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Legislative Assembly for the ACT: 2004 Week 01 Hansard (Thursday, 9 December 2004) . . Page.. 252 ..

the government. Let me say here and now that I and my colleagues invite and welcome submissions from the community sector.

However, it needs to be said that we have very good lines of communication and very good mechanisms for consulting with the community sector and, indeed, all sectors of the Canberra community. We have consistently been doing that throughout the entire term of our government—that is, over the past three years. It is not as if we are saying to the community sector, “Let’s start again. Let’s start talking about the issues of moment to you and of concern to us and of concern to you and the priorities as you see them.”

All the work we have done in government over the past three years, and the work that we did in the context of the last election and will do over this next four years, is based on a deep understanding of the needs of the Canberra community, and the thoughts and priorities of the community sector and, indeed, all representative organisations in Canberra. So it is not as if we are starting afresh. But we stand ready and are very willing to consult in the context of the upcoming budget on issues that will feature in that budget.

In the context of the electoral cycle, it has to be said that there is real pressure on any government elected in an October election—a late election of any new government—and timelines are tight. We are determined to meet a budget delivery day of May 2005. There is significant pressure on the government and our agencies—and indeed now on the community sector—in terms of the timelines to which we need to work. It is a matter of fact in the first budget of any Assembly after an October election. This issue relates to the appropriateness of having a late-year election, of having October as the date for an ACT election.

Children—Weston Creek centre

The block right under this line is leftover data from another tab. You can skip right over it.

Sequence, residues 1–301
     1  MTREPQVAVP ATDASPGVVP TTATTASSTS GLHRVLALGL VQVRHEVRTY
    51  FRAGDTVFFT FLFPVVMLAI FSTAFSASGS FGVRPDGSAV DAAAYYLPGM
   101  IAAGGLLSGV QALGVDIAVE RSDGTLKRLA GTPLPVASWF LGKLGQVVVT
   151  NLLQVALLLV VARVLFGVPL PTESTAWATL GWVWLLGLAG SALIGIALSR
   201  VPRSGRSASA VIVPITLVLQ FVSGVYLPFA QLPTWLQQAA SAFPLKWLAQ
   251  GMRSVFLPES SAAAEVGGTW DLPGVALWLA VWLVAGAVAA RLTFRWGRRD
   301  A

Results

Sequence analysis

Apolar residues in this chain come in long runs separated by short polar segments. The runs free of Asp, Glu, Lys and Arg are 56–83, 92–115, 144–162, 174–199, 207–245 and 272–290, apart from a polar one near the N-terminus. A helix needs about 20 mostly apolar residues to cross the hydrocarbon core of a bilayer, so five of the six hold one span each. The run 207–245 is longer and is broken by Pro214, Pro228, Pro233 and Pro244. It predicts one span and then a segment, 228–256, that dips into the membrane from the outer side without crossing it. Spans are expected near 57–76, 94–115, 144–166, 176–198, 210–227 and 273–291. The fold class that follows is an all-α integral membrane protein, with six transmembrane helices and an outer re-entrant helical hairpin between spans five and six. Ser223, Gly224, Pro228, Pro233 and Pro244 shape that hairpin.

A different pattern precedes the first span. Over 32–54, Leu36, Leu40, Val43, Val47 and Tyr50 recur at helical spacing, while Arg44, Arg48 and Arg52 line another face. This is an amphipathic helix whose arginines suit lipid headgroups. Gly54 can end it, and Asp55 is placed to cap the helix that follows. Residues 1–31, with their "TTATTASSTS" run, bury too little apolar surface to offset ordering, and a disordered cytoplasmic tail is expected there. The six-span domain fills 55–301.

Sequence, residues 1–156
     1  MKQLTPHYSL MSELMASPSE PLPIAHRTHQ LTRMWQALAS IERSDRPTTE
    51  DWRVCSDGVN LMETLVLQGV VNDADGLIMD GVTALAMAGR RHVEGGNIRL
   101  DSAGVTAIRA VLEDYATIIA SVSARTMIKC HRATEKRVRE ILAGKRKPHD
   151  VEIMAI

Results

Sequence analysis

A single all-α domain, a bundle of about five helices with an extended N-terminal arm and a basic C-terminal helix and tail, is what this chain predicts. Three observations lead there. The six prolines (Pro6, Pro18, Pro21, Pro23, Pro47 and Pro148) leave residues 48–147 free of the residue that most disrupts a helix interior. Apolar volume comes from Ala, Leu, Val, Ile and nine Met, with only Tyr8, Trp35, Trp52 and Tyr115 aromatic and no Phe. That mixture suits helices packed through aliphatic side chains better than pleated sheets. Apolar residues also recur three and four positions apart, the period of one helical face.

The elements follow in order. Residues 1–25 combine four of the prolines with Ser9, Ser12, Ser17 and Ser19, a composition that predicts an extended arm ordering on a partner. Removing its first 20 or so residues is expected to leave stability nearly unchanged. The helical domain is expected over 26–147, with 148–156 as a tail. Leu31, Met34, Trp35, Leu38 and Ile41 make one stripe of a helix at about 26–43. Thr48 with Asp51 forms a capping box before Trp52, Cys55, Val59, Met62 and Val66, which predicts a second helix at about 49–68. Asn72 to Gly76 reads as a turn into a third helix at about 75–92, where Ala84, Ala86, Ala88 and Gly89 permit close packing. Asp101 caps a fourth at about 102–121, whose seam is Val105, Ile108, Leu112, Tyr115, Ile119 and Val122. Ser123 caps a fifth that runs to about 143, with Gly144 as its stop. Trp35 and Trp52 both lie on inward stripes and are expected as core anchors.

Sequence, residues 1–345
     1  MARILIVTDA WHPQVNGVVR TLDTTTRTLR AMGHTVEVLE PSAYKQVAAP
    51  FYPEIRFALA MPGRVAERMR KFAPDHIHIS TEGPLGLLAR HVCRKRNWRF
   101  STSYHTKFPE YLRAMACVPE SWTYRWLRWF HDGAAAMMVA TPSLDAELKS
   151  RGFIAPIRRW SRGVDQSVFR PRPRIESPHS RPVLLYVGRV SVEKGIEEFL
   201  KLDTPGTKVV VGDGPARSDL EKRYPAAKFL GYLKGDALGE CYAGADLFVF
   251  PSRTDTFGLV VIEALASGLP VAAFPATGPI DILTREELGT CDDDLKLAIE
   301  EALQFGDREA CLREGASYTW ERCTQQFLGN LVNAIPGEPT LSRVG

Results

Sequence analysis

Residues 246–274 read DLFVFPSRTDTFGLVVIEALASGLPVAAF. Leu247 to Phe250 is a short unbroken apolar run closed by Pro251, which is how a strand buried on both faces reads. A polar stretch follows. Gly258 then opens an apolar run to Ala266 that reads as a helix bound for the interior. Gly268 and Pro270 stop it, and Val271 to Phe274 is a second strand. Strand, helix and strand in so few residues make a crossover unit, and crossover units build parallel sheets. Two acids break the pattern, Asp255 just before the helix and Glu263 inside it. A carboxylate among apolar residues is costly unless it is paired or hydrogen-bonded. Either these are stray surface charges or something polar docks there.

MR SESELJA: My question is to the minister for education. The Weston Creek children’s centre, which is in our electorate, was destroyed by fire in November 2003. Following the fire, the centre was relocated to the Rivett primary school. I understand that, whilst the government promised to rebuild the centre on its original site in Parkinson Street, little action has been taken to rebuild the centre, which is putting extra pressure on the children, their parents and the staff. Why has the government been so slow in making a decision to start work on rebuilding the Weston Creek children’s centre and when do you anticipate that the centre will be rebuilt?

MS GALLAGHER: I remember clearly when the Weston Creek children’s centre burnt down and the government moved so quickly to establish a childcare centre at the Rivett primary school to care for the 40-odd children who had been placed in that centre. In fact, I believe that the centre at Rivett primary school opened within just over a week of the childcare centre burning down in Weston Creek, which was a great credit to the staff of the public service who managed to deliver that outcome and re-form primary school classrooms into something that was safe for younger children.

Going on from that, quite a bit of money is being spent on improving the facility at Rivett primary school, including a great deal of work being done on the outdoor area and inside the rooms to make it an acceptable and quite pleasant childcare centre for those

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